Ministers clash over abortion proposals
Stormont Ministers have clashed over an abortion proposal to come before the Assembly tomorrow. An amendment to the Criminal Justice Bill tabled jointly by the DUP and SDLP is seeking to prevent abortions in Northern Ireland being performed anywhere other than through the National Health Service.
However, Minister for Justice David Ford has said he will oppose the measure, claiming amendment of criminal justice legislation is not the best way to regulate abortion provision and suggesting certain forms of contraception could be outlawed if the amendment is passed.
“Tacking on a last-minute amendment to the Criminal Justice Bill is not the way to deal with this issue,” he said. “I believe that the wording of the amendment could lead to overlapping offences and would cause confusion in an area where clarity is needed.
“Potentially, it could also criminalise certain forms of contraception and it would be liable to be challenged in the courts.”
This prompted Minister for Health Edwin Poots, who circulated his department’s abortion guidelines to Executive colleagues last week, to criticise Mr Ford over his stance and accuse the Alliance leader of failing to contact him to discuss the matter first. “The speculative comments by David Ford is a clumsy attempt to cause confusion and unnecessary concern,” said Mr Poots. “He should immediately desist from this approach.”
“As Health Minister, let me be clear the best place for vulnerable woman and unborn children in life-threatening circumstances, both physically and mentally, is in a hospital within the NHS where the ability to pay for care has no place. Nobody with any semblance of moral fibre would argue otherwise.”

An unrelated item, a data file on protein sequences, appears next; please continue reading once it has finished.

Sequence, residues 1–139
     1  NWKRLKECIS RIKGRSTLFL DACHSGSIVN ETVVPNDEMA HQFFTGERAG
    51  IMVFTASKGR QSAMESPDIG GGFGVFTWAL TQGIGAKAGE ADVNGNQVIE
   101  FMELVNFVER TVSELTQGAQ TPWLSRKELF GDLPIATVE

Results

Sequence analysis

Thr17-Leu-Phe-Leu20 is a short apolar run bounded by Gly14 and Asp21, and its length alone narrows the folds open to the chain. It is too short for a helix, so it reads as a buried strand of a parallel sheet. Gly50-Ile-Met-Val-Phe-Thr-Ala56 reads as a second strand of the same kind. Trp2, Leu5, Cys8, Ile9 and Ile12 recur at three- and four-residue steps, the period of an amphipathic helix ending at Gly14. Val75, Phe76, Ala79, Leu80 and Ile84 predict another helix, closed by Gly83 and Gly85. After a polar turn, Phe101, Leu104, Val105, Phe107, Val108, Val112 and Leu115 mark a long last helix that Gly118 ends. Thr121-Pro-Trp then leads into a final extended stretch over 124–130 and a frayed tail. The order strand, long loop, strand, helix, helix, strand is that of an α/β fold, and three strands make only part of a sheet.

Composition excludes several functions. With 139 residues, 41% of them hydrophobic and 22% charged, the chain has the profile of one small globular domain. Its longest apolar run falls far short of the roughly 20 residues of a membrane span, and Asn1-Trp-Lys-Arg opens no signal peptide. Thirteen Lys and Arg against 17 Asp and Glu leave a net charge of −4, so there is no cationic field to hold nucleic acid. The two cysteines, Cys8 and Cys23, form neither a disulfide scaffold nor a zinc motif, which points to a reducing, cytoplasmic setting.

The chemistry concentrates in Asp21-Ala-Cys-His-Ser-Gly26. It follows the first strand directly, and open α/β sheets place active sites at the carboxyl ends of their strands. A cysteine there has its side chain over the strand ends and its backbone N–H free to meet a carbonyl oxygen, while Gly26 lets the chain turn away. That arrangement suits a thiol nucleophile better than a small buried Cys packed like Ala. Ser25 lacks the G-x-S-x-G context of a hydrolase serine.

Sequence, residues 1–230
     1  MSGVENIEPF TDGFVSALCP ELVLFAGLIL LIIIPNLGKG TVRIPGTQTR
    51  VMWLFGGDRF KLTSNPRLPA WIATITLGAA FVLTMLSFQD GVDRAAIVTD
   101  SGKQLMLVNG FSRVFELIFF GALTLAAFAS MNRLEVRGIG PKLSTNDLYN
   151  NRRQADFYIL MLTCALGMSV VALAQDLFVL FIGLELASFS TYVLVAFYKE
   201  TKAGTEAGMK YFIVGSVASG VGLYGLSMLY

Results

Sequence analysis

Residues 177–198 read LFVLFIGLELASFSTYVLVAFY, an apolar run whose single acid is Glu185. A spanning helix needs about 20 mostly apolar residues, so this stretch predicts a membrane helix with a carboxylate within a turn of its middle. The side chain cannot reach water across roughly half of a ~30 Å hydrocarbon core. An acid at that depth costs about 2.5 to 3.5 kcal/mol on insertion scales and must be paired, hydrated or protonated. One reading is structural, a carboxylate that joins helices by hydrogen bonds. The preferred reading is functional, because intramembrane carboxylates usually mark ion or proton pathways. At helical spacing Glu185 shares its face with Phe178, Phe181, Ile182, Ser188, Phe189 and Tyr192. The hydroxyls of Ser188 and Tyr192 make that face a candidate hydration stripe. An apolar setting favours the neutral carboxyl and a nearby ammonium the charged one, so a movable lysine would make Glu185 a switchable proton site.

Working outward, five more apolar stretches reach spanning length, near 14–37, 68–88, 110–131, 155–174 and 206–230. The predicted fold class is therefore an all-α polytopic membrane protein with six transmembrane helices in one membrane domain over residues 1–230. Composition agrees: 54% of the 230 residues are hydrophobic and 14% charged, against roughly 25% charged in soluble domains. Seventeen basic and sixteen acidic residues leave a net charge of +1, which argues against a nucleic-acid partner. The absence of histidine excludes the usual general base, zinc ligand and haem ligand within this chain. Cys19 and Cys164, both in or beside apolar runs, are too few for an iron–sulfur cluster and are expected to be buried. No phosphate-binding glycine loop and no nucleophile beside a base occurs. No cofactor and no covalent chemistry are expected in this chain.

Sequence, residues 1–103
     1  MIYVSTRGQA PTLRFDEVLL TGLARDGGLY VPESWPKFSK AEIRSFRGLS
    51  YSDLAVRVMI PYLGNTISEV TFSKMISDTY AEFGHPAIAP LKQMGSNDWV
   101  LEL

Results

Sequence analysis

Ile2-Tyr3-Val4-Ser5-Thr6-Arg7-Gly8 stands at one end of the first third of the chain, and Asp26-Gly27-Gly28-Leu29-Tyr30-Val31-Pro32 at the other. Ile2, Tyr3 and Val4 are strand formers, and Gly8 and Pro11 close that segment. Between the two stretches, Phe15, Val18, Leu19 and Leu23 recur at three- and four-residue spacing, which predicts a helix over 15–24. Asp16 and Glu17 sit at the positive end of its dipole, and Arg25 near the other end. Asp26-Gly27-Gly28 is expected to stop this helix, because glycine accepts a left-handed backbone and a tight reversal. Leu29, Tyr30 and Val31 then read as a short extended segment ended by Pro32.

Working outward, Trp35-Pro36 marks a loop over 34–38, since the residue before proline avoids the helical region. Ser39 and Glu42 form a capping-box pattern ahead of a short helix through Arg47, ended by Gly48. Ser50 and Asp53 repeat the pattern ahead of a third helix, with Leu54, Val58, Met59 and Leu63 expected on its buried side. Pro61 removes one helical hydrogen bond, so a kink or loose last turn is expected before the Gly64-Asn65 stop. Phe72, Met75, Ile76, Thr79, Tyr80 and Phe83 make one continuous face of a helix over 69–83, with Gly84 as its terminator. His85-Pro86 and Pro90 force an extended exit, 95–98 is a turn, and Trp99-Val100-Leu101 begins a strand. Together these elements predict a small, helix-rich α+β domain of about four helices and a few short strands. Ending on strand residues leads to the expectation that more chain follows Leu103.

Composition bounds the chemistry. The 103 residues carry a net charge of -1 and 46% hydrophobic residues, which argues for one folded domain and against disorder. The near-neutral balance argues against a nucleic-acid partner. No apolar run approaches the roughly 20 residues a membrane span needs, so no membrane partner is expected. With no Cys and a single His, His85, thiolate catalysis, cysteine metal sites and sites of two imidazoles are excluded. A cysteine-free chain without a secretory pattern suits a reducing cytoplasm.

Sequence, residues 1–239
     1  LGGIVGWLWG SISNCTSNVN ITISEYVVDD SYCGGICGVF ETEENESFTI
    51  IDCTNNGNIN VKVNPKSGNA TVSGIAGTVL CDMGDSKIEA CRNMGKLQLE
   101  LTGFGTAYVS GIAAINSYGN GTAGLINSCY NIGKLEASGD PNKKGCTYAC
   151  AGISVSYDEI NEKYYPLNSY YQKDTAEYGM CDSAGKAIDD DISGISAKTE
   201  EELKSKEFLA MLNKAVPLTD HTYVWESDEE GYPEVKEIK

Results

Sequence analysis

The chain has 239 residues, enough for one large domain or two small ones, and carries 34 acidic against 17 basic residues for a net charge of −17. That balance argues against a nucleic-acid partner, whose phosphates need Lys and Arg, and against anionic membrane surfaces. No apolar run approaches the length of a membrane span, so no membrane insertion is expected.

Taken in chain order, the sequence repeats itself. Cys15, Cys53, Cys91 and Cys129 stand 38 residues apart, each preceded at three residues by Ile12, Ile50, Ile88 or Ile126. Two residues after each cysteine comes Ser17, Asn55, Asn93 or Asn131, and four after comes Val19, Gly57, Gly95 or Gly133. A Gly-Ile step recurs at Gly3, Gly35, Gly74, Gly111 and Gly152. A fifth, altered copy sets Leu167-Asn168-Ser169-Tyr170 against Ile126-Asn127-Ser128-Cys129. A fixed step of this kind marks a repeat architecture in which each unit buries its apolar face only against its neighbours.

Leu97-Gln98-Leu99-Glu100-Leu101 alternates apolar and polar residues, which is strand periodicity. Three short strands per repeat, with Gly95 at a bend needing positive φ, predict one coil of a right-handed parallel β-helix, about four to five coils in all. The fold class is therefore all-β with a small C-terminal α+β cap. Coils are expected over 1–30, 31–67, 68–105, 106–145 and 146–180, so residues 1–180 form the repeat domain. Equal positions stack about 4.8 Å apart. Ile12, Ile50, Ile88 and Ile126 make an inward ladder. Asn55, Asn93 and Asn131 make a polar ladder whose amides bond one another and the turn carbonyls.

The row between two of the Executive’s most high-profile Ministers over the issue followed a visit to Stormont last week by a cross-Border, cross-party group which is lobbying in favour of the amendment.
Set down by Alban Maginness, the SDLP justice spokesman, and the DUP’s Paul Givan who chairs the Stormont justice committee, the proposal would prevent abortion provision outside the NHS.
Last year a Marie Stopes private clinic which offers medical abortion within the statutory nine-week limit, opened in Belfast city centre. “[Tomorrow’s] vote is a simple choice between putting the interests of mother and children first by providing the best healthcare free at the point of need within the NHS; or supporting unregulated and unaccountable private clinics, which actively campaign for abortion on demand, making financial gain from human tragedy,” Mr Poots said.
The Minister for Health’s circulated proposals on abortion are understood to contain a requirement for two doctors to approve the procedure and that a consultant psychiatrist’s opinion be sought in cases where a mental health assessment is called for.
A group pressing for more liberal abortion provision has claimed in an open letter that 100 signatories have illegally procured a medical abortion for themselves or others in Northern Ireland.